Wanting or needing credit isn’t always as simple as filling out an application. Even college students, who have a lot of financial services marketed to them, may face obstacles when trying to get a credit card.
Why? A lot of it comes down to their credit history — or lack thereof. The length of your credit history has an impact on your credit scores — the longer your history of responsible credit usage, the better. Many 18-year-olds heading to college don’t have any credit history, which makes them an unknown to many lenders who may not be as willing to approve them for a credit card.
Many people believe that the decision-making process for creditors boils down to just one thing: the credit score. Who can blame them when it seems like your score is the end-all and be-all to getting approved?
Here’s the thing, though: Credit scores are really nothing more than a naturally occurring byproduct of the financial lives we live.
The Consumer Financial Protection Bureau has expanded its oversight of student loan servicers, the bureau announced today, and it will now supervise several nonbank servicers to ensure compliance with federal consumer financial laws.
What are the holidays without the search for the perfect gift, the hunt for the rock-bottom best deal on the newest electronic gadget, piles of presents under the tree, or the Secret Santa gift exchange at work?
Apparently it’s more Whoville — and less Grinch — than you might think. Here are six families who have given up the holiday shopping routine for what they say is a more relaxed and — dare I say richer? — experience.
While much of a America will be pushing back from the dinner table, rubbing a full belly and perhaps settling in for a night of football on Thursday evening, millions of other eaters will skip the pumpkin pie so they can race out to shopping malls. This raises an obvious question: Why?
No one can tell you when you’re ready to become a homeowner. But it’s probably fair to say a lot of first-time buyers wish otherwise.
Buying a home is often one of the biggest purchases you’ll ever make. It’s also among the most infrequent. Knowing you’re prepared to buy a couch or a car is one thing. The last lot in a cul-de-sac is something else entirely.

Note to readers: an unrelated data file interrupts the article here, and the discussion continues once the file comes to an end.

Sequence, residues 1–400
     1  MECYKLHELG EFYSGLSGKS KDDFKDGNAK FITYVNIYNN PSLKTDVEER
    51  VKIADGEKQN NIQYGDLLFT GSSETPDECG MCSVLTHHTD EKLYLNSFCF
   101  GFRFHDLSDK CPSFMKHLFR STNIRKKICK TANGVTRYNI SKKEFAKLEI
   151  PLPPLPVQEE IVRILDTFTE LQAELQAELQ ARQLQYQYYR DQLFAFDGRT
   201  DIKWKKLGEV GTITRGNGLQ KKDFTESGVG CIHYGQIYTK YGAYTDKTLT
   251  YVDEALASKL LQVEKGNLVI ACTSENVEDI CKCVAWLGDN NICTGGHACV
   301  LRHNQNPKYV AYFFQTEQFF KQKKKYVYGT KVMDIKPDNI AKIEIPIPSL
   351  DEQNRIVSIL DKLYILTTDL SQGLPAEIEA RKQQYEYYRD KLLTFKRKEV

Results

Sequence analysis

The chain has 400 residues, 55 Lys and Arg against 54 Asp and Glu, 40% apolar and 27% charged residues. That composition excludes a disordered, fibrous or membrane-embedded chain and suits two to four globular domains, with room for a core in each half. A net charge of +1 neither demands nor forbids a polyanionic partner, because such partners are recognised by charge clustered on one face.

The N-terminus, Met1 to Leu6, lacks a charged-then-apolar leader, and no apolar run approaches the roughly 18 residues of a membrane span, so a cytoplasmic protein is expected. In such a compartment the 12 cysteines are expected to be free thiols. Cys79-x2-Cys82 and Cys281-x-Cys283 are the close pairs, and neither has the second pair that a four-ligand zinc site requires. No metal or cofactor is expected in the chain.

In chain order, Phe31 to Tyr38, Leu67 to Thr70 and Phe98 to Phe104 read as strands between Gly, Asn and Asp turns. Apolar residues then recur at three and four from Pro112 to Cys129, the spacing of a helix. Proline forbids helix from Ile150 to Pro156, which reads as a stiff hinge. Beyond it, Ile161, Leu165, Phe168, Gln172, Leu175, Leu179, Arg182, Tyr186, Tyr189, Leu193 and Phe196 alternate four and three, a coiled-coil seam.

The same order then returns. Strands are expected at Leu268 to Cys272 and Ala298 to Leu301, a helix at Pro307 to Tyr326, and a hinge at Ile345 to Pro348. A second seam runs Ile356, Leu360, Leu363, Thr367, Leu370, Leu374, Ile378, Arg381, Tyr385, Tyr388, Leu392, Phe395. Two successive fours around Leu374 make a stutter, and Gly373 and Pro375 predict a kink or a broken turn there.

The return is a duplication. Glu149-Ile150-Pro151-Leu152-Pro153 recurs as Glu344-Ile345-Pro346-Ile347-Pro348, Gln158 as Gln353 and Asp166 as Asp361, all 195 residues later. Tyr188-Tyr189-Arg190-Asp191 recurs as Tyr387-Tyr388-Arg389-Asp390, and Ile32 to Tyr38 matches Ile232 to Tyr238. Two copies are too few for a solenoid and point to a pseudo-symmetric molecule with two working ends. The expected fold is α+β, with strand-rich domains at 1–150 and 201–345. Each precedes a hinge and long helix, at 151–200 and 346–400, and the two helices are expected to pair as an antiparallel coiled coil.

The right time to pull the trigger is when you’re financially and emotionally prepared for the responsibility. But it’s not like the heavens part and a choir of closing agents signal the time has come.
It’s ultimately up to you to determine you’re ready. But here are a few signs and stages that might signal you’ve got a handle on homebuying.
If you are one of the millions of people who use PayPal to send or receive money, you may not have given much thought to how it might affect your credit. But if you read the terms of service, you’ll see credit reports and credit scores mentioned, and that may leave you wondering how that will impact you. If you care about your credit scores, you should know what Paypal does with credit information.
Google now offers a Google Wallet Card as a physical extension of the credit-, debit- and loyalty-card management app Google Wallet, allowing users to withdraw cash from ATMs and pay with the card in stores.
It’s no secret that car dealers rely on the lending community — banks and-auto industry-owned finance companies — to help close sales. What’s less well-known is how they benefit from these relationships.
Many lenders allow the auto dealerships with which they partner to negotiate and document loans on their behalf. Some even let them increase the base interest rates, which can substantially enhance the dealer’s already profitable sale. Here’s how.
There are all sorts of reasons that people find themselves ineligible for a credit card.
Some lack a credit history simply because they have never applied for a loan or put any bills in their name. Also, recent immigrants will find that their credit reports are blank slates, almost as if they had not existed before coming to this country.
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